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Lethbridge Herald Newspaper Archives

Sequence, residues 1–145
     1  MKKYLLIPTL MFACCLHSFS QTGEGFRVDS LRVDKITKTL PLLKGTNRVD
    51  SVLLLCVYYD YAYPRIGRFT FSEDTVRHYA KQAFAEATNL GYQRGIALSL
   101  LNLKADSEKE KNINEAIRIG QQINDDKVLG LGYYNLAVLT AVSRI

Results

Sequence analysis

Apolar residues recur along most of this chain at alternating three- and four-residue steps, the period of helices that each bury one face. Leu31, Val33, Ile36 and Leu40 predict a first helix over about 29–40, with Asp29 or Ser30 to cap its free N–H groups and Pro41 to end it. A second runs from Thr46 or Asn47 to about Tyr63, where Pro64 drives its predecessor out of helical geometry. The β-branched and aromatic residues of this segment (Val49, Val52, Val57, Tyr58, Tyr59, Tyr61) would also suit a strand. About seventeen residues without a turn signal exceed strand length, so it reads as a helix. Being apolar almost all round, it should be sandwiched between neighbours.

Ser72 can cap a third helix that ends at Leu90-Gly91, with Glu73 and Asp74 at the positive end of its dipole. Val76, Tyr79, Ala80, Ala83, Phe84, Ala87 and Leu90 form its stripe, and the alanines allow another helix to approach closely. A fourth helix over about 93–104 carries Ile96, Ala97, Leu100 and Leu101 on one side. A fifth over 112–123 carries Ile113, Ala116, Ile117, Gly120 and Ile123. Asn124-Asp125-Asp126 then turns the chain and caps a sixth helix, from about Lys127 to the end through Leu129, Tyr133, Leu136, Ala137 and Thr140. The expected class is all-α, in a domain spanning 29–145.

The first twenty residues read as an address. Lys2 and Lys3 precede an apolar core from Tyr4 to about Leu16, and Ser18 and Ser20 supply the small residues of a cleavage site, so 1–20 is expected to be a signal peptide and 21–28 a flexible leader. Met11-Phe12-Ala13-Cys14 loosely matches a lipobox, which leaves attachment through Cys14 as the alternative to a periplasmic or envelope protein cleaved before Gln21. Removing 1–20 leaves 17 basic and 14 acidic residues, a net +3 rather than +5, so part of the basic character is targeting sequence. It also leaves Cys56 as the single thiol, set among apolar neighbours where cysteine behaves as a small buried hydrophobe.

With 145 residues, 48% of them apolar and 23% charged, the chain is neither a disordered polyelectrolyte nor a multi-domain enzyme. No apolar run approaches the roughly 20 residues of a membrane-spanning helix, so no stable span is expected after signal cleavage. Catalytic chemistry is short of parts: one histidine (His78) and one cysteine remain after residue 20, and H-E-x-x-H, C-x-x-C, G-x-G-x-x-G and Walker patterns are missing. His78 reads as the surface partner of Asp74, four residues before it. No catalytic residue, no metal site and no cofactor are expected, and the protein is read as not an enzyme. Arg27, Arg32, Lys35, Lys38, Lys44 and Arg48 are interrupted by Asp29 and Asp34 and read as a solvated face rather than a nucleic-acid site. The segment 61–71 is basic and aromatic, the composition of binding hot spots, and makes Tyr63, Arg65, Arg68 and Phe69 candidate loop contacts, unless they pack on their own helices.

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Lethbridge Herald (Newspaper) - January 22, 1914, Lethbridge, Alberta PAGE SIX THE LETHBRIDGE DAILY HERALD THURSDAY, JANUARY 22, 1914 ftFTER JOIN HATIO ASS'N LETHBRIDGE CURLERS WILL TRY TO BRING THE HAT CURLERS IN LINE BONSPIEL HERE SET BACK A DAY -RESULTS OF LOCAL COMPETITION The bonspiel of the local Curling club will be deferred one day, it will take place on the 3rd of Feb. instead of the 2nd. This has been done to rUow of sufficient time after the Medicine Hat bonspiel �which though slated to close on the Friday previous, will not likely close till Saturday and there will be a goodly number of Lethbridge curlers at the Hat taking in the 'spiel. It is the intention of the local representatives at the Hat to try and induce the club there to join the Crows Nest Pass Curling association, and there is every likelihood of their efforts bearing fruit. With the Medicine Hat club as a member the association will be materially strengthened and greater prestige will be inherited. LOCAL COMPETITION The play in the local competition at the curling rink last night was not as close as the two previous nights, but that proved no detriment to the excitement in the games. Sta-cey and Johnson rinks were forced to play extra ends because of a tie, Stacey's winning by a point. The results : Wanless 10 Wales "S Freeman 5 Skeith 10 Stacey 13 Johnson 11 Davidson 11 Aird No. '2 5 Robinson 8 Simpson 9 McLeod 9 Hamilton 7 TONIGHT'S DRAW 7 P. M. Franklin vs. Clark Marrs McXahb Boyd Scott Nimmons McCulloch 9 P. M. Dr. Stewart Nelson Aird Shepherd Heid Skeith Bruce Wanless THE FEDERAL MANAGERS The Federal League have now secured managers for nearly every team in the organization, and there will be some famous players with the red flag o( the rebels gre?ting tlie fans iu the spring. The most notable pilots thus far secured are Joe Tinker of the Chicago team; Mordecai Brown of the St Louis club; Otto Kuabe of the Baltimores; Jimmy Sheckard of the Pittsburgs; George Stovall of the Kansas City aggregation; Bill Phillips, of Indianapolis, and Larry Schafly of Buffalo. The manager for Barney Hepburn's Toronto team has not been selected as yet, but as It Is knowfn Bernard is intent on his club making a good showing, It is likely that a pile oi kale will b� offered to the right man. If the Toronto team gets "Yip" Owens from Minneapolis they will have one of the best receivers iu fast company today. And he is still young, being only 2S. President Gilmore still persists in his attitude of forbidding any 1 players who have signed with or- : ganized baseball to play with the ; Feds, while Dave Fultz threatens to decorate any player who signs with the Feds, with the tinware. It looks as though there might be some action In the near future. ARROW Kotch COLLAR 2 for 2? ecats ClwB. ht>�� * C�.. Inc. Utian, Itlw Hn. fciftwl "FEDERALS WILL GIVE UP THE GHOST" SAYS PRESIDENT BAN JOHNSON, OF AMERICAN LEAGUE-MURPHY ECHOS SENTIMENT B SKATING CARNIVAL 'HAT MANAGER SIGNS UP GOOD BALL PLAYERS 'Medicine Hat, Jan. 22.-'Manager Dunn write* that he has signed up three new; pitchers, cae a south paw. Ha ears they are big, stron'g fefllows and all look good. Dunn now has Und, atroater, Martin, and a lefthander, whose name is kept dark. The members of last year's team who will be back are in good shape, and will be faster than ever. Macleod, Jan. 20.--One of the best carnivals tihat has ever been held in Macleod was the feature at the open air rink last night when about a hundred maskers thronged the ice. ^Miss Small and Messrs. Barnes, McClarty, Craven and ^Milson, who acted as the judges, made the priie awards as follows: Bfest lady skaUr-MU Irene Bruce as Cleopatra. Best gentleman skater - "Scoop"' Hunt as the King's Jester. Best couple in costume-Miss Duns-ford as Butterfly and Mr. Hunt Bast comics-E. Haug and E. Ryan as German Burgomasters. Winners in double race-Miss Bruce and Mr. Patterson. Race for boys under 15-Howard Atkins. Obstacle race-"Spud" Murphy. Chicago, Jan. 21.-Reports of both warring factions of organized and outlaw baseball, the latter as represented by the Federal league, were confident' tonight of future success, j Predictions that the Federal league I would "give up the ghost" in a short time were made by President Johnson of the American league. Charles W. Murphy of Chicago echoed the sea- i timent. ! The Federal's headquarters were filled all day with men who were optimistic for the future of the new league, while about 40 ballplayers, many of them members of ma;or league teams, made calls at the office. The most noted of the players present were Russell Ford and Ed. Sweeney, battery mates of the New ^ York Americans. Howard Camnitz was also a caller. j Chicago, Jan. 21.-The Federal league today notified the powers of organized baseball that their signing of players already under contract with the federals will be fought in and out of the civil courts. This ultima- I turn was in the form ot a telegram ' which President Gilmore, of the Federal League, sent to President Baker, of the Philadelphia >'ationaIs declaring he would "protect" the contracts signed by .\d. Brenan, and Will Kil-lifer. ZEALANDIA'S SKIPPER FAVORED SPORTDOM BROUGHT OUT MURPHY AND FIT2SIMM0N8 FROM AUSTRALIA LOCAL SENIORS LOST: INTERMEDIATES WON ' Journeyed to Magrath to Play Bac-ketbali Last Night THE CANADIAN BANK OF COMMERCE Sn EDMimO WALKBB.CV.O,LI.D...D.CX,Prc�id�t ALBXANDBK LAIRD. Gncral Muugcr JOHN AIRD. Aas't GeBcral MaaagW V. C BKOWN. S�>�rfart-d-t ol C�tr�l Wcatern BrandiM GIPITill, $15,000,000 ~MSE"BVE FOND, $13,500,000 TOURISTS AND TRAVELLERS The Canadian Bank of Commerce, by reason of it� large number of branches in every Province of Canada, with direct representation in London, Eng., New York, San Francisco, Seattle, Portland, Ore., Mesico and St. John's, Nfld., vr.A A^=r.ts and Correspondents in every part of the world, is able to offer unsurpassed facilities to the travelliog public, enabling then to obtain money in the simplest way at any point on their journey the world over. The Travellers' Cheques and Letters of Cicdit issued hy this 'Bank overcome the annoying difficulties of obtaining- funds abroad, especially in places where identification is difficult. Cheques and Drafts on all the countries of the world, drawn in sterling-, francs, �arks, lire, kronen, etc., can be cashed or purcbared at reasonable rates. \V26 Lcthbridgc Branch - - R. T. Brymncr, Mgr* The local T. iM. C. A. sent two teams ' to Magrath last night to play .basltet- i ball. The senior te3,m wa.s defeated | 30 to 21, and the intermediate aggregation came home victorious, 17-10. Lethibridge seniors had the Magrath team faded until tbe last few moments of play, and then lost out. CALGARY BASKETBALL TEAIM TO TAKE TRIP Team That Defeated Moose Jaw Plans to go Upon Barnstorming Expedition Australian Billy Murphv who annexed tlie featherweiglit championship of the world by defeating Ike Weir at the old California Athletic Club in San Francisco t'wonty-four years ago today, had a career very much like that of Bob Fitasimmlns. His language was a pronounced cockney dialect ju-st like Ruby Robert's. Like the great Pitz, he bogan fighting In New Zealand and, also like Bob, later went to Australia. In that country he whipped the best of the little men, and many welters and lightweights. At that time Ike Weir was featiherwetght champion, and the members of the California -Athletic club were an.xiou� to get somebody who could whip the Be'Ifast Spider. The -skiprer of the Zeiilandia, which ran between San Francisco and Aus-trnlla, was a great sport, and he told the Californiaius about. .Murphy. The capt.iin was commiasion'AAiN ST. WINNIPEG Calgary, Alta., Jan. 21.-The Calgary Y. M. C. A. Basketibali club contemplate a trip to the east very soon. As champions of .Alberta lor the season of 1913, they will go as far east as Winnipeg, playing at Regina. Moose Jaw, Brandon, and ending up at Winnipeg, where they 'ivlU play a game against the champions of that cita. If it is possible they will play off for the 1914 oiiampionship against Edmonton before going, but the trip Is expected to be made before the Alberta provincial cJiampionships can he played. There is no doubt that the Calgary "Y" team is in very fine condition at the present time, and their Intention to tour should receive hearty support. It looks as if they had a team that could hold its own with the best in the farthest and middle west, and the opportunity will be given them. Moose Ja'w, a'ter their defeat of last night, are anxious to have a return game, and the Calgary boys may expect to have the hardest game of their tour, perhaps, at the Jaw. If there Is one city in the country which is not in the Federal League, but which is giving it a bit more attention than po.ssibly any other place, that burg is Philadelphia. The reason is plain, for there are just eight players who were on the Quaker payroll last year whose names are mentioned as sure to go over to the opposition before the playing season arrives. Until Monday night folks in Philadelphia placed little credence in reports concerning the defection of tlieir players, but wlien Knabe put his name to a Baltimore contract they sat up and took notice. Now, with the names ot ilagee, Cravath, Bron-nan, Alexander and Killifer mentioned, to say notliing of Doc Miller and Walsh, the fans of Philadelphia are decidedly wrought up over conditions. Fourteen years ago, when the battle between the American and National League.s was on, the Philadelphia team found its ranks riddled more than any other club in the cir^ cult. History may possibly repeat itself. FEDS. STRONGEST IN CHICAGO �, �. MITCHELL, AQENT, UETHBRIDQE, ALTA, "Weeghman Will Help Outlawa," Says Johnny Evora NOW IS THE TIME To thlnlt of arranging passafe. for ycur Irienda and relatione In The Old Cou|itry whom you expect to bring out in the spring You can secure their tickets here and all arrangementa will be made for thdlr forwarding by THE DONALDSON LINE I-'or ir;!orra;aion. rates, etc., apply to ;iiiy steamship or railway agent, or H. E. LIDMAN, General Agent 349 Main Street, Winnipeg "I'll admit that the Fedopal's best stronghold will be In Chicago," saya Johnny Evers of the Cuba. "That is partly for the reaion the;; will have a city of their own, ao tc speak, on the north side, and partly because Weeghman is really popular "He ia not a bluffer, but a fellovs with an army of friends, a thorougl sport, whose personality will help Tinker's team immensel)'." REDCLIFFE AND MEDICINE HAT WON HOCKEY GAMES In the southern division of the Alberta Hockey assoclaton. Medicine Hat defeated How If4l.Tnd, 10 to 4, and Redcllffe defeated Taber, 0 to L Committee on Elevators Report _(Continued From Front Pago) Legislative committee. Some weeks later, tho secretary at Calgary was informed by members of the government over the telephone, that certain individuals claiming to represent the board ot dlroctoi-8 and local unions of the United Farmers of. Alberta wore endeavoring to have the net as en-doi-sed at the meeting of February 11, materially changed in principle, and your e.\ecutive who, with Mr. Boving-ton, formed tho sijiccIkI elevator committee, were obliged to return to Kd-monton at a few days' notice. Your committee again met the government representatives when the whole act was gone through once more, clause by clause, amd its acceptance once more re-affirmed in accordance with the instructions of the board of directors at the meeting held on Feb-niary 11. Unfortunately, however, at this time a number of articles appeared in the Press from some source or,other, makiag certain statements in regard to the want of unanimity on our board as to this iparticnlar act. It was, therefore, deemed advisable to call another special meeting of the full board, which was beld on March 17. At this meeting, after some discussion, the act as then before Parliament was finally accepted by unanimous vote of the full hoard. Your Legislative committee, in whose charge the bill had been left during Its passage through Parlla-me.nt, worked very hard for the act, meetlttg tihe cabinet, memibers of the government, and the Opposition on numerous occasions. Eventually the act received Its third reading, and was placed on the statutes of the province by unanimous vote ofi both government and opposition parties. Your Executive committee, who, under the act, became provisional di-resctors, then took charge of the organization work, and full reiport of what was done by them has already been published in connection with the first annual meeting of the new company, "which was held in August, 1913. A Siiort History Possibly a few words, tracing the progress of the work in connection with the bringing into existence ot the jMberta Farmers' Co-Operative Elevator Company, Limited, may not be out of place. It will be remembered that this matter has been before the various associations for a number Of years, a definite policy first being placed on record by the associations at the meeting with the premiers of the three provinces, held in Regina, 1908. At that time the policy of the associations was that of a straight government ownership and operation of all line elevators. That meeting led to nothing, the premiers deciding that the question could not be handled by, the three provinces acting together, tout that ea-ch must act for itself. The immediate development of the meeting was, however, that at the next annual meeting of the Manitoba Grain (Growers' association, official announcement wa.s made toy a representative of the government that a system of government elevators would be Instituted at an early date by that province. At the Saskatchewan convention an oficial statement was made on behalf of the government that a commission -would be appointed to look Into the matter, while in Alberta it was stated that as soon as a satis-factoiy pla-n was submitted by the farmers, the government would accept it. In the 'working out of these various scTiemes, so far as the Manitoba one was concerned, it was found that government ownership and operation of the elevators was an absolute failure, largely due to the fact that the recommendations made by the farmers for the appointment of an independent commission, and the taking over of ail the evelators was not accepted. In Saskatchewan the commission appointed reported in favor of the organization of a line of elevators on a mor'e or less co-operative basis, in-clmling the orgamixatlon of locals at different points where elevators 'were required, the farmers subscribing 15 per cent. of. the cost of the elevator, tho government advancing 85 per cent., to be repaid with interest out of the (profits of the company during a period of twenty years, the government :being secured by finst mortgage against the elevators and personal property of the company until the loan'was repaid. This report was accented by the farmers and the gov-"rnTient, the final act being accepted by the legislature in March, 1911, eince which per'od in all our deliberations on the elevator nuestion, the Saskatchewan act has been accepted 33 the mode! on ''hlch the Alberta sygtem should be baped: Polnta Needed Clearing It will be remembered that In the reroort of the Elevator -committee accepted by the last convention, and in rhe dlscuaslon which took place on that report, It was pointed out that '.�here were a numiber of points In the Saskatchewan plam which were not allogetber clear, and which, attter careful consideration, your committee had decided were far from satisfactory from the point of view of the farmers, and recommended that wtioever had dhargo of tlie drafting of the Alberta act would be instructed to eliminate these weak points, and provide lor Alberta a eyatera in which the absolute control and management was in the hnnds of the farmers themselves, 'with every possible chance of Intereforonce from any other source eliminated. Your committee acted on these recommendations, and tho present act, incorporating the Alberta Farmers' CoHOpprativo Elevator Comiiany la based entirely on tho Saskatchewan act, tho only mntorini difference being in the financing of tho elovntors, where as had already been discovered, lay the chief weakness of the Saskatchewan system. In Alberta it was felt that we nuLst provide the" means for rnlsing sufficient funds at each point where nn elevator 'was built to �Inanco tho purchasing ot grain at that .nolnt from our own rosoiircos, and at the same time provide tor other business than tlie handling of grain at that point. It was also necessary to provide against tho powerful opposition of the elevator combine, which woukl most certainly have to be faced. It was, therefore, essential that in drafting tho Alberta act that the financial end of the business bo guanlod very carefully, and every possible means taken to provide against any possibility ot the company being hold un for lack of funds. Your committee believe that tho report of the 'work of tho company, and the experience the company has been through up to date, more than iustify the precautions which were t-.ikon to ensure the absolute stability of the comnnny, and its absolute inde-nendence from all outside Interference. Your committee do not feel that it would be proper iu this report to make any defence of the criticisms wTiich have been levelled at them, as doubtless ample opiportunity will he given tliem before the close of tlio convention, but in connection with the Grain Crowers' ComTinny, we wish respectfully to point out that on every ocptFlon which this matter has been referred to during tlie last two years, the recommendations of the board of directors and the annual conventions have been that negotiations should be entered Into for the handling of the business of the company, and that the Grain Growers' Gmin Company has always been sne-elfically mentioned as being nreferable to any other. In closing this report, your committee wish to re-affirm the attitude 'which thev have mnintaine. BUOKINGHAJI. Reports Optimistic in Strain ANOTHER DEATH IN THE PRIZE RING Santa Rosa, Cal., Jan. 19.-Phil Shindler, known as "Sailor" Sharkey, a Santa Rosa pugilist, who was Friday night knocked out by Chas. Kir-by, of Canada, a middleweight, died tonight. It is believed his neck was broken. Klrby struck iiira an overhand cross to the base of the brain as he was reeling from a right uppercut to the jaw. Spectators and referee called it a clean light. Klrby Is in jail. Sergeant Harper and Constable Stevenson arrived at Lake Saskatoon with the prisoner, Hunting, who with an abducted girl, built a shack 135 miles north of Lake Saskatoon. Harper took the prisoner and travelled for thirty days, using eight horses. Two horses died, the others played out. He was away three months. At 60 YearslfAge THE KIDNEYS NEED HELP 6io Pills give iliBin the strength of youth. 50 Broad Street House, London. I bought some of your GIN PILLS at Victoria, B.C. last September. I made lm{uirics in New York ou my arrival there but was unable to obtain nuy information about them. Your remedy, I find at 60 years of age, to give me perfect relief and I n-gret very much that you have not made arrangemcuts to have GIN PILLS on sale xn New York and Ix>ndon, as I urRcntly recuut-mend GIN PILLS to friends of my age aa being the one thing that dors me good. E. G. Woodford. If your kidneys need help, strenjjthpn tfcect and Iceep them well with GIN PILLS,-the guaranteed cure for Wenk Kidneys, Pain in the Back, Bladder Trouble and Rheiunatism. snc. u box- 6 for $2.50-money back if they fnil to relieve. Sent on receipt of priLS it your dealer does not handle tliem. Sample box ifreeou request. National Drug and Chem. Co., of Canada Limited, Toronto. Naiional La?.y Liver Pills are a sure cure for CoustifiatioD. zjc. abox. 200 fContlnuad from front pagal show an increase of more than 40 per cent, over last year. When one con  sidcrs that owing to lack of funds early in tlic, it was necessary to cut organization work to a minimum, and thai this groat growth was entirely voluntary and due to local induence, tlic above figures arc sucli as wo may well bo proud of. Another point worth noting perhaps, is tlial the demands for .'iiip-plics luivo increased no less than l.'in per cent. Whatever the signilicancc ot tliPSP liguros, those in close toucli with the central olTice cannot fail to appreciate the fact that our members arc at last beginning to take themselves seriously." The serrotary is oppo.sed to tlio constituency idea insofar as it relates to organization work, and suggested the division of the province iu-Ui ten sections, as nearly equal in r-en as poKsiblfi for a systematic organization campaign, with a competent organi-/,er in charge of each. That tho U. V. A. is being recognized all over the world a.s an iiu-portanl body to ho reckoned with in connr-ction with national life ami prosperity, is readily comprnlieniled by tlie secretary's closing remarks which ga\c data proving the statement. CO-OPERATION The difTicult task of dealing witli this tromcndouH question of the day, on which so many volumes have already been written, was cfTicicnlly handled by the committee on co-operation. They urged�that the organization of such societies for the selling of farm produce was imperative at the present time, recommending tho adoption of tlio resolution already passed by tho Manitoba Grain Growers. COUN^CIL OF -VGRICULTUUF. The report of the Alberta section of tho Canadian council of agriculturo is very significant at this time. Tho council was given very little satisfaction at the hands of tlie government at Ottawa as will readi'y bo seen by the following extract from the report, which was read hy I\fr. Cars-well of Red Deer. The manufacturers' association adroitly avoided a meeting with the fanners. "The reception of your representatives by Mr. Borden , and his cabinet was very courteous and careful attention was given to their representations. On the tariff and preference questioriS, your committee f'^el that very little will be done at the present time in the direction asked for. On sample markets, your committee were told that the matter had been postponed indefinitely. We worn told that the required amendment to the Canada Grain Act in regard to the turning over of the inspection ot weights and scales in line elevators to the Board and Grain Commissioners would be passed at the next session of Parliament. Our resolutions on tlie removal 06 the duty on wlieat ami wheat products between Canad-.i and the States were encouragingly received and your committee arc in hopes that the removal of the duty will shortly become an accomplished fact. "In the matter ot arranging a meeting with the Canadian Manufacturers' association, we regret that negotiations fell through, the Can.a-dian Manu�acturers' association finding it impossible to fix suitable dates, while our delegates were in the East. Your committee are in hopes that the meeting may yet be arranged. GOVERNME.N'T READY TO AID The legislative committee reported that the provincial government has received all of the association's requests for protective legislation with the greatest concern, indicating tho readiness of the government to aid the faxmers. The many matters brought to tlie attention ot the governments of the province and the Dominion were covered very thoroughly hy the report of the board of directors. Tlie report includes the following reinarlss : The resolution from Stcttlcr Union was citectively brought before tho Government and received special attention from them. The resolution re Columbia river route for the western shipment ot grain was forwarded to the Dominion government also the board of railway commissioners and is further dealt with in the report 0! the board 61 directors. The resolutions re Consolidated schools were courteously received and acted upon hy the Provincial government. The resolution rc contracts fbr telephone poles was acknowledged, but your committee h-is not yet heard whether any action will be taken thereon. The resolution as to roads and bridges in extreme Southern .Mberta, � received careful consideration from the government and your comraittoo are led to believe that a considerable number of improvements wore made as a result. Tho resolutions aflecting the tariff and other matters were submitt�